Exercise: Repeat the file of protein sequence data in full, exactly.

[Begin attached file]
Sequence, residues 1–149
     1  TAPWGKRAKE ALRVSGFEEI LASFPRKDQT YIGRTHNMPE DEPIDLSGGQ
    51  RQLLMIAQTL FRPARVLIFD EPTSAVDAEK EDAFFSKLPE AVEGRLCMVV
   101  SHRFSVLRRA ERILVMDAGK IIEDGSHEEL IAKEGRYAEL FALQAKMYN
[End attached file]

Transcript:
Sequence, residues 1–149
     1  TAPWGKRAKE ALRVSGFEEI LASFPRKDQT YIGRTHNMPE DEPIDLSGGQ
    51  RQLLMIAQTL FRPARVLIFD EPTSAVDAEK EDAFFSKLPE AVEGRLCMVV
   101  SHRFSVLRRA ERILVMDAGK IIEDGSHEEL IAKEGRYAEL FALQAKMYN